As part of 'Service Bowl,' winning mayor to host community service project with AmeriCorps members and local volunteers
WASHINGTON, D.C. – As the Baltimore Ravens and San Francisco 49ers prepare to face off in Sunday’s Super Bowl, the mayors from the two cities have come up with a friendly wager that focuses on the importance of volunteering and community service.
Mayor Edwin M. Lee of San Francisco and Mayor Stephanie Rawlings-Blake of Baltimore agreed that the winning mayor would host the mayor from the opposing team for a day of volunteer service with AmeriCorps members. This service project will be done in partnership with the Corporation for National and Community Service (CNCS), the federal agency that administers AmeriCorps and Senior Corps.
“Mayors are leaders who get things done, responding every day to needs in their cities,” said Wendy Spencer, CEO of CNCS. “With this friendly wager, Mayors Lee and Rawlings-Blake highlight the impact and power of national service and volunteering. No matter which team wins the game, both cities—and all football fans— can celebrate the Service Bowl.”
The mayors’ friendly wager further elevates the role of community service within the Super Bowl’s activities. As part of the official events, the Super Bowl Host Committee will also host a community service effort, Super Saturday of Service, in which local volunteers will revitalize five New Orleans playgrounds. AmeriCorps members serving with Habitat for Humanity New Orleans and Habitat for Humanity Baton Rouge will participate. AmeriCorps members will also take part in service activities organized by Rebuilding Together.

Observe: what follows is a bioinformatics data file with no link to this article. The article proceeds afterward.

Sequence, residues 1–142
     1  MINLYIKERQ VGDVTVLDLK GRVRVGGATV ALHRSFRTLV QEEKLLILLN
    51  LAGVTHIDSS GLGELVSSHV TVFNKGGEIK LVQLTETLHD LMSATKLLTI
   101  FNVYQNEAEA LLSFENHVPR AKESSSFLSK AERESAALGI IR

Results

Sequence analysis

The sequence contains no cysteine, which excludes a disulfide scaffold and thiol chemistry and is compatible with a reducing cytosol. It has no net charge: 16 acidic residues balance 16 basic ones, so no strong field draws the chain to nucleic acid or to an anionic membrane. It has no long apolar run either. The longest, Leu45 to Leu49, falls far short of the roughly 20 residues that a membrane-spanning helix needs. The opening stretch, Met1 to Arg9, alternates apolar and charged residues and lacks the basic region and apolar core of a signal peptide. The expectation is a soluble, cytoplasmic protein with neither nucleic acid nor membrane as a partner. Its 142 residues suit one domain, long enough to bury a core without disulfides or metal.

Mayors Lee and Rawlings-Blake join more than 100 U.S. Mayors in their focus on service. Both have signed on to participate in the Mayors Day of Recognition for National Service, an initiative launched last month at the U.S. Conference of Mayors winter meeting. Mayors across the country will participate in a national day of recognition this April 9 to highlight the impact of national service in their cities and thank individuals who serve. Both cities are members of the national coalition, Cities of Service.
As the federal agency for service and volunteering, CNCS annually engages more than four million citizens in service at more than 70,000 sites across the country through AmeriCorps, Senior Corps, and other programs. A significant portion of this investment is focused on cities. Last year, CNCS leveraged more than $1 billion in investments for organizations operating or based in more than 500 cities with a population of 30,000 or more.
The San Francisco Area ranks eighth among large cities for volunteering and service, and in 2011, 1.12 million volunteers served a total of 90.6 million hours, an economic value of $2.5 billion. CNCS provides more than $11 million in funding, including support for 1,492 AmeriCorps members and 747 Senior Corps volunteers.
In Baltimore, 575,000 volunteers gave a total of 88.6 million hours, an estimated value of $2 billion. The city receives $12.6 million in funding from CNCS, which also supports 1,498 AmeriCorps members and 722 Senior Corps volunteers serving in the area.
Americans looking to participate in their own Super Saturday of Service can find a volunteer service project in their area using the search engine at www.serve.gov